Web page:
Corruption at the Passenger Rail Agency of South Africa (Prasa) stretches back a very long time, and involves the politically connected, those in high office, the enablers, connivers and the schemers.
There were also numerous indications and warnings of malfeasance over the years.
The dodgy R3.5 billion “investment” in rolling stock was made way back in 2012, according to Prasa’s 2012 annual financial statements.
A new board was established in 2014 under chair Popo Molefe. Lucky Montana was still Group CEO at the time.
In August 2015 the previous Public Protector (PP) Thuli Madonsela released her report titled ‘Derailed’, which dealt with various allegations of corruption, malfeasance, improper termination of employment contracts, and suspension of employees.
Madonsela recommended that contracts worth over R10 million from 2012 be investigated.
Then-Auditor-General (AG) Kimi Makwetu also warned of malfeasance, stating in his 2015 report on Prasa’s financial statements to parliament that Prasa had incurred irregular expenditure of R500 million, demonstrated non-compliance in procurement, and had not notified National Treasury of the award of an unsolicited bid proposal to the value of R91 million.
In August 2015, as a result of the AG’s adverse findings, the Prasa board under Molefe appointed Werksmans Attorneys to carry out an investigation into large contracts.
These included the R3.5 billion locomotive contract, and contracts valued at some R2.8 billion awarded to Siyangena Technologies. Thereafter, Werksmans’ scope of work was broadened to include matters that arose from the PP’s report.
Molefe told the Zondo Commission that the Prasa board encountered obstacles and resistance, “not least from” Montana (who, according to Molefe, viewed the new board with suspicion and left in July 2015 when his contract expired).
Molefe was informed that Auswell Mashaba, chair of Swifambo Rail Leasing, which had been awarded a contract to supply locomotives to Prasa at a cost of some R3.5 billion, had been directed to pay some R79 million to intermediaries who would pay the money over to the ANC.
Molefe reaches out to the ANC Top Six
In 2015 Molefe approached the ANC Top Six to raise his concerns regarding corruption and malfeasance, the excessive amounts involved, and the alleged kickbacks to the ANC.
The Top Six at that time comprised then-president Jacob Zuma, deputy president Cyril Ramaphosa, national chair Baleka Mbete, secretary-general Gwede Mantashe, deputy secretary-general Jessie Duarte, and treasury general Zweli Mkhize.
The Top Six were non-committal.
Zondo Commission chair Chief Justice Raymond Zondo remarked that not “even a single one of them ever contacted Molefe to find out how he was doing in his fight against corruption”.
Zondo also found, as outlined in Part V, Volume II of the Zondo Report, that Ramaphosa “fell short of the standard that would have been expected of him in a matter involving fighting corruption”.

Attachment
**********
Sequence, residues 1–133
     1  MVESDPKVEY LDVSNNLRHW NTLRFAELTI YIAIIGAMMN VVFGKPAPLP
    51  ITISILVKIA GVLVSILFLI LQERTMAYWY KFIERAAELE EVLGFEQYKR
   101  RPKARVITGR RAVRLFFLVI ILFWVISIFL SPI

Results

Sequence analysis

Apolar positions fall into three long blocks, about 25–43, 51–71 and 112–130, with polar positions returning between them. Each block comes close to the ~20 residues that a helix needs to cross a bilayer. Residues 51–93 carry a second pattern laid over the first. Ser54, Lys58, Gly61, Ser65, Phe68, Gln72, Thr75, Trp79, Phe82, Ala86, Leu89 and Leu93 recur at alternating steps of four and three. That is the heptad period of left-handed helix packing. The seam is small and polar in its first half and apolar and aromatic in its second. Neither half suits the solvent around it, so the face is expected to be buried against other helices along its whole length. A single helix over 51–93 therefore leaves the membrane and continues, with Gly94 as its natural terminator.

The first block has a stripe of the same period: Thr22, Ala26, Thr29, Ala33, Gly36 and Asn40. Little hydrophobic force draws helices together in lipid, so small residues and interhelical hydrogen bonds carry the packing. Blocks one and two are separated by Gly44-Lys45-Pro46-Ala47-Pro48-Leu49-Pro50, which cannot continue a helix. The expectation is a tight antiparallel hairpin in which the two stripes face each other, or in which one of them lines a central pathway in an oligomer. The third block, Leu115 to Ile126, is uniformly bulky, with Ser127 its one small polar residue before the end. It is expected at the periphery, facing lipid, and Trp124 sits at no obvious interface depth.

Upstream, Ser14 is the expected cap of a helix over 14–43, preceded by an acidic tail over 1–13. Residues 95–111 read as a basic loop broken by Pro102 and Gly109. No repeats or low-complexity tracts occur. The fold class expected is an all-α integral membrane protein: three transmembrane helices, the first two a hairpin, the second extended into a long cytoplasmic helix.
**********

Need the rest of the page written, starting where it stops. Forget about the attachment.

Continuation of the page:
Molefe was invited to meet with Zuma, minister in the presidency Jeff Radebe, transport minister Dipuo Peters, and Montana at the Presidential Guest House in August 2015. Zuma was only concerned about the public spat between two ANC members of high standing.
The Molefe board “was rendered dysfunctional even before its term of office formally ended on 31 July 2017”.
After Molefe left, a permanent board was not appointed until 2021.
Zondo found that the evidence has clearly revealed “that neither the ANC leadership, the National Executive nor the Portfolio Committee on Transport wanted to assist this board in its fight against corruption at Prasa”.
Zuma gave it no support, Ramaphosa gave it no support, and the Top Six gave it no support.
The Hawks have done nothing
In 2016 Molefe wrote to the Hawks on the “grave revelations” that had been uncovered, as well as the lack of progress on matters that had already been reported.
In 2017 the board applied to the high court for an order compelling the Directorate of Priority Crime Investigations (DPCI) to act on the criminal complaints – which the DPCI opposed, raising two technical objections. The high court found against the DPCI.
Zondo lamented: “It is quite worrying that many years after complaints were laid with the Hawks, nobody has been charged.”
Zondo proffered as a possible reason why the DPCI “dragged its feet” in investigating the criminal complaints made by Prasa that “it may be connected with the risk or fear that any proper investigation may well lead to the ANC or to certain figures within the ANC”.
Prasa left adrift and rudderless
After Montana left in July 2015, Prasa had to operate without a permanent Group CEO until March 2021.
Neither Peters nor her minister of transport successor Joe Maswanganyi did the necessary to have a new GCEO appointed.
Zondo exclaimed this was “totally unacceptable”.
Zondo found that those responsible for not ensuring that a GCEO was appointed were Zuma, Ramaphosa from the date he was appointed president, and the respective ministers of transport from April 2017 until current Minister of Transport Fikile Mbalula was appointed in May 2019.
Zondo’s recommendations include:
- That the DPCI finalise its investigations as soon as possible;
- That the senior employees who played a role in awarding the Swifambo contract be prosecuted; and
- That investigations should be conducted to determine further prosecutions.
Zondo decided that a special commission of inquiry be appointed to determine why Prasa was allowed to slide into almost total ruin, who should be held responsible, and who could have benefitted from this “unacceptable state of affairs”.
Read Parts 5 and 6 of the Zondo Report: